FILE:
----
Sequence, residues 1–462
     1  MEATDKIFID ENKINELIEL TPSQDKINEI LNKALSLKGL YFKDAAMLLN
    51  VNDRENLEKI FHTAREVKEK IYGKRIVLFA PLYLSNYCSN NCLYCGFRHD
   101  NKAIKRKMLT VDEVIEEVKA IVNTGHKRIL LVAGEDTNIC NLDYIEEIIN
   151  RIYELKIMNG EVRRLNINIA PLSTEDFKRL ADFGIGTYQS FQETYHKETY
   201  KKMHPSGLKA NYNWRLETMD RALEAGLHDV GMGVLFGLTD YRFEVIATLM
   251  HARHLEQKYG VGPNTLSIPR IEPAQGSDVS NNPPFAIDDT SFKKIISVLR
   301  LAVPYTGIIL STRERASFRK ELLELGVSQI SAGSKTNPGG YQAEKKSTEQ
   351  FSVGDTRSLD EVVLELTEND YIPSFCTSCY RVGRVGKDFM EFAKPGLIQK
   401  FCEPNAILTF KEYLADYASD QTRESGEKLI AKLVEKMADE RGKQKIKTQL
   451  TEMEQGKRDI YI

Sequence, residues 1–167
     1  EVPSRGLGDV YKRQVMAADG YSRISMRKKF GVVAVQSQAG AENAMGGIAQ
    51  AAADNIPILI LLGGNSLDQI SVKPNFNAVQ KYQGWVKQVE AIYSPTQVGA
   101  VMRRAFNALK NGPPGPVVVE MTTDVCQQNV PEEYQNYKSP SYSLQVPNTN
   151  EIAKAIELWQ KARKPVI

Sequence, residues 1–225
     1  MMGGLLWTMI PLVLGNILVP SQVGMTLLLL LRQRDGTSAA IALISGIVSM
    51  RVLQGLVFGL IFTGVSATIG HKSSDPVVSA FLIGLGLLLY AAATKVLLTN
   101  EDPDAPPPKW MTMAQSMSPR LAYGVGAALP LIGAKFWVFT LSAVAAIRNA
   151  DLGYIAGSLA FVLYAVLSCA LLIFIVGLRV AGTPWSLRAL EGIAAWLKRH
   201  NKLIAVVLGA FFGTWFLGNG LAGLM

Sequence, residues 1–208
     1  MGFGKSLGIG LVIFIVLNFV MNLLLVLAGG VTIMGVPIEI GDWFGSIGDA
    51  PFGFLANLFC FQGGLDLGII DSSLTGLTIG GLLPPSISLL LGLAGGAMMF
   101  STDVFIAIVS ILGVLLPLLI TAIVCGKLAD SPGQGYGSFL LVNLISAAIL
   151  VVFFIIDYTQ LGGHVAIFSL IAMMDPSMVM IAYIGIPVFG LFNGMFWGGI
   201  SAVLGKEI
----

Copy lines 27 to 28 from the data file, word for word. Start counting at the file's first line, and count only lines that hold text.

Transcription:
   151  VVFFIIDYTQ LGGHVAIFSL IAMMDPSMVM IAYIGIPVFG LFNGMFWGGI
   201  SAVLGKEI